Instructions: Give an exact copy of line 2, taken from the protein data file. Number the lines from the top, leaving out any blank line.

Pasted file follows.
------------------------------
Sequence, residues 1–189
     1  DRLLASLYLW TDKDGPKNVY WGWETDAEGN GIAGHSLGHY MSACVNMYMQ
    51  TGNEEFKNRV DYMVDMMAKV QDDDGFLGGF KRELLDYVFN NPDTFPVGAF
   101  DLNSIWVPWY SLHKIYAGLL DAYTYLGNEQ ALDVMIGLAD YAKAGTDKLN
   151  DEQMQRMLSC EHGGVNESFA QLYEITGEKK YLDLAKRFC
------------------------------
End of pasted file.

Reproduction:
     1  DRLLASLYLW TDKDGPKNVY WGWETDAEGN GIAGHSLGHY MSACVNMYMQ